THE MICHIGAN DAILY
WEDNESDAY, NOVEMBER 5, 1952
Vigilantes in the Night -The Long Watch
Calm May Stop
'At Any Moment'
SEOUL, Wednesday, Nov. 5-(R)
4--An uneasy calm settled over the
frost-nipped Korean Central and
Eastern Fronts Tuesday.
An Eighth Army headquarters
spokesman reported the Sniper
Ridge and Triangle Hill sector was
the quietest since the Allies
launched their limited offensive 23
DESPITE THE lull, renewed
fighting could erupt at any mo-
ment, front dispatches cautioned.
Associated Press Correspond-
ent John Randolph on the Cen-
tral Front said artillery fire
by both Allied and Commun-
ist sides dropped off sharply
after daylight Tuesday and
-:there was no ground contact.
The last fighting of consequence
came early Tuesday when Allied
defenders hurled back 300 Chinese
Communists assaulting Sniper
Ridge in the center and a battalion
of North Koreans who attacked
Heartbreak Ridge in the east.
s * .
BOTH RANDOLPH and Corres-
pondent William C. Barnard on
the Western Front reported in-
creased interest in the last two
days in the presidential contest
Chilled GIs from seven Amer-
ican divisions and their sup-
porting forces back of the front
lines huddled around portable
radios in bunkers and at head-
quarters sets. A stream of ee-
tion bulletins, beamed by the
armed forces radio, was trans-
mitted as soon as they became
Interest in the election was
sharpened by the prominence of
the Korean War as an issue in the
closing days of the campaign
The lull of the fighting front
also extended to the air war over
Northwest Korea. Sabre Jets, pa-
trolling MIG Alley near the Man-
churian border reported no con-
tact with the Red Air Force.
'TOKYO-(MP-Two U.S. Thun-
derets patrolling Northern Japan
intercepted a fighter with Soviet
markings yesterday and escorted
it eastward to toe Russian boun-
dary, Far East Air Forces head-
No shots were exchanged.
The incident took place over the
Nemuro Peninsula of Eastern Hok-
kaido Island where an American
B-29 with eight persons aboard
was believed shot down by Rus-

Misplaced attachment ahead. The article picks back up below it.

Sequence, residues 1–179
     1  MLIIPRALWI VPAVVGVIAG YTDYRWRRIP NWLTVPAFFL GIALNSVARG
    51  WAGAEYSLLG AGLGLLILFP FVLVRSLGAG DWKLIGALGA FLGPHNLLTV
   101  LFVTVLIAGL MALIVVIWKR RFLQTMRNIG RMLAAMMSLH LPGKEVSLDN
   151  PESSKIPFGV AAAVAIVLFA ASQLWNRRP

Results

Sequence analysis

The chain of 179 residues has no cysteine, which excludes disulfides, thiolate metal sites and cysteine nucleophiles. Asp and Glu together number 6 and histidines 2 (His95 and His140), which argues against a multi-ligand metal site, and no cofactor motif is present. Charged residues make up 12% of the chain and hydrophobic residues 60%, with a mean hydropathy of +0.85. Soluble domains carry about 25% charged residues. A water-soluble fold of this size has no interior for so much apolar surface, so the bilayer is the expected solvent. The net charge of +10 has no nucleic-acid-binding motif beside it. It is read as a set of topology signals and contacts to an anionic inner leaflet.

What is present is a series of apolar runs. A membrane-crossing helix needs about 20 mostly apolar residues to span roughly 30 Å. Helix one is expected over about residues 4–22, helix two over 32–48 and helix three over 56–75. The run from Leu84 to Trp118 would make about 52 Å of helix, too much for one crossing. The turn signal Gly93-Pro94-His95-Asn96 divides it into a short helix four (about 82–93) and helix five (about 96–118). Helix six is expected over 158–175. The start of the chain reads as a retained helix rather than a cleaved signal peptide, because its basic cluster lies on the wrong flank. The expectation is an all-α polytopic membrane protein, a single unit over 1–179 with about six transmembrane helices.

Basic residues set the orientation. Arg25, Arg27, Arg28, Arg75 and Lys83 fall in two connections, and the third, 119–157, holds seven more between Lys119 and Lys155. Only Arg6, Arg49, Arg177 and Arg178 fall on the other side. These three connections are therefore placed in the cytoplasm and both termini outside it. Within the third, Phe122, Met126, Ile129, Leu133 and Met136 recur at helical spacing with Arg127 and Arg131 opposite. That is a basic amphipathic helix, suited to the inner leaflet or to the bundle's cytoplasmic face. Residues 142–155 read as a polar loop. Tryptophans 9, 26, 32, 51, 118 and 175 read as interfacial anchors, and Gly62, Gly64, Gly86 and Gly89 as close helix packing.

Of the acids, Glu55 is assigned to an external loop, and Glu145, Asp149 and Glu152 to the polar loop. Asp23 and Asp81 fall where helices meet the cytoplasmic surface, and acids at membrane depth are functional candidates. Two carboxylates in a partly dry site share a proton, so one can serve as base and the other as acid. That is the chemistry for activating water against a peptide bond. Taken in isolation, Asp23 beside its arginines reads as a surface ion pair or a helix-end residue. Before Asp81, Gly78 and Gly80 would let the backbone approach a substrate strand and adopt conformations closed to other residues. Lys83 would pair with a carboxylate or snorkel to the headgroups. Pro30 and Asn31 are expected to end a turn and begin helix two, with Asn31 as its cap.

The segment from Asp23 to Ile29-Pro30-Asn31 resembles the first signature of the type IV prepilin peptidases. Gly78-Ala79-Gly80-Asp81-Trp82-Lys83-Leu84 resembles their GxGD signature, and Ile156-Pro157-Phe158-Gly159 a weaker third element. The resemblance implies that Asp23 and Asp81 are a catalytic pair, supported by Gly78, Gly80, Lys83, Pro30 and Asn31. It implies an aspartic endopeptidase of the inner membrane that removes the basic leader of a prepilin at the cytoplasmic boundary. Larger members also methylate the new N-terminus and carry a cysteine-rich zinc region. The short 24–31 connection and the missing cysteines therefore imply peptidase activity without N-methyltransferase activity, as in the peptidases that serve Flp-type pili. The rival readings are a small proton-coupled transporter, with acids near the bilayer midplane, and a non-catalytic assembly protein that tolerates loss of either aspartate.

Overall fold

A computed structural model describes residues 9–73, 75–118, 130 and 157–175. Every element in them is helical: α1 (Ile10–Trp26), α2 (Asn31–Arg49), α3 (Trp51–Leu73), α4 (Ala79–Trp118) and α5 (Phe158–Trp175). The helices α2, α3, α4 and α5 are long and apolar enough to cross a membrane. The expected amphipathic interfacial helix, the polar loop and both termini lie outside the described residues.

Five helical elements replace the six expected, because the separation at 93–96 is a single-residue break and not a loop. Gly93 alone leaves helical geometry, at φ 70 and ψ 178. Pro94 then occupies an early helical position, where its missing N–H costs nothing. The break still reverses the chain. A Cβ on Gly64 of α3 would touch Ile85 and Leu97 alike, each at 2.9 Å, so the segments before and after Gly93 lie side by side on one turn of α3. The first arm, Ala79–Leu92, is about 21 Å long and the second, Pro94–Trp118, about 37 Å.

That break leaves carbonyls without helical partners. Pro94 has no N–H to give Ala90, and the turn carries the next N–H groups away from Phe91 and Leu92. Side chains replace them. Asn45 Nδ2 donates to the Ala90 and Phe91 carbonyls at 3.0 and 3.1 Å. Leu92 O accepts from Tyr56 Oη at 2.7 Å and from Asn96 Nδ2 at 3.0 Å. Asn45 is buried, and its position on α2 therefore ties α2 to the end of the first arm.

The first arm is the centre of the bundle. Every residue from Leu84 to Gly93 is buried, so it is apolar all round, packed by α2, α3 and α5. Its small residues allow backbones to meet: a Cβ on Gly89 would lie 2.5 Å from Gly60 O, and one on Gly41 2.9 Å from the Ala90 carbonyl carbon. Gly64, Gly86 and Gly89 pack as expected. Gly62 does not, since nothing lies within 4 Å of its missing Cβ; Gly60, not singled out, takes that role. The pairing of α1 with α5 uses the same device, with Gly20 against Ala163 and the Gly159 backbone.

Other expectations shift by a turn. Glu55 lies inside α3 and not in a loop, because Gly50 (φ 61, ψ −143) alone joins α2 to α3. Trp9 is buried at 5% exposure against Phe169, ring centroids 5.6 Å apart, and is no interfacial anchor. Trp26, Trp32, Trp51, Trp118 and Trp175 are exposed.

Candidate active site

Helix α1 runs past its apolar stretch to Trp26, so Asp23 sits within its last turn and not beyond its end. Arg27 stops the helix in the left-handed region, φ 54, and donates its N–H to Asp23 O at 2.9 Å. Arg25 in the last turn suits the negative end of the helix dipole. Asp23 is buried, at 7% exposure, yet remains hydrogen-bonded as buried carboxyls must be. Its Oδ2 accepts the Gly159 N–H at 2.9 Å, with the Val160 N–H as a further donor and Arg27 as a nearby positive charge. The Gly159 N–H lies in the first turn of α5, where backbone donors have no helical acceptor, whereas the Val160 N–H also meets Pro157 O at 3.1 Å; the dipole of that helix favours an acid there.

sian fighters Oct. 7.
(Continued from Page 1)
Capturing an almost instantan-
eous lead last night Gen. Eisen-
hower rode on to greater and
greater vote margins as the whole
GOP ticket throughout the coun-
try turned up surprising Republi-
Long before midnight it became
apparent that the GOP were go-
ing to break the solid South for
the first time since 1928 as first
returns showed commanding Eis-
enhower leads in Virginia and
TEXAS, South Carolina and
Tennessee also swung over to the
Republican column initially al-
though South Carolina eventually
Then came the New England
sweep with Rhode Island going
GOP for the first time since
1928 and doubtful Connecticut
landsliding to Ike by, huge mar-
One after another the big city
states, classified in the "doubtful"
group for most of the election,
were conceded to the Republicans
or developed strong GOP leads.
* * *
THIS WAS the straw that broke
the Democratic back, for Steven-
son's greatest hope had been to
gain huge city margins in these
states to offset traditionally Re-
publican rural areas.
Added to the victories in New
York, Michigan, Illinois, Califor-
nia and the others was an Eisen-
hower landslide in' Arizona and
Oklahoma, states which had al-
ways gone down the line for Demo-
And it was clear that the GOP
swing might include victory in
boh houses of Congress-an even-
tually that almost no one was
willing to predict prior to the great
a a f4 a
ELABORATE SETUP-Complete with adding machine, score-
board, telephone calls from crucial areas and a direct radio line
to Cook County, Illinois, University students (from left to right)
Roland Trogan, '54SM, Larry Pike, '54, Robert Becker, '55 and
Chuck Richter, Grad., maintain an all night vigil in order to
gather election results.
TELEVISION COVERAGE-Journalism students collected in the
new journalism department headquarters in Mason Hall to watch
the election coverage on television and as it came in over the
Associated Press wire service.
TALK TO PARLIAMENT:
Pledged by Elizabeth
LONDON-W)--Queen Elizabeth II, glorious in gold and ermine,
met her Parliament for the first time yesterday with a speech from
the throne pledging closer British-American ties and full support of
the United Nations effort in Korea.
The young queen outlined a score of points as the aims of her
Conservative government in foreigand domestic affairs, including
-- - - -- - - - 'TQ 1 6fi i f R ioitc c na
TOKYO -tM -The American
commander of the Korean military
advisory group said Wednesday
Washington. had ordered a "sub-
stantial" increase in the size of
the present 10-division South Ko-
BRIG. GEN. Cornelius Ryan
said in a telephone interview from
his Taegu headquarters:
"The exact size of the increase
... is classified information, but
it's going to be substantial,"
The Defense Department con-
firmed last week that it had ap-
proved a recommendation by Gen,
Mark Clark, Far Eastern com-
mander, to increase the Republic
of Korea Army by "several divis-
and transport industries.
SHORTLY AFTER the queen
spoke, Prime Minister Churchill
announced he will put a bill to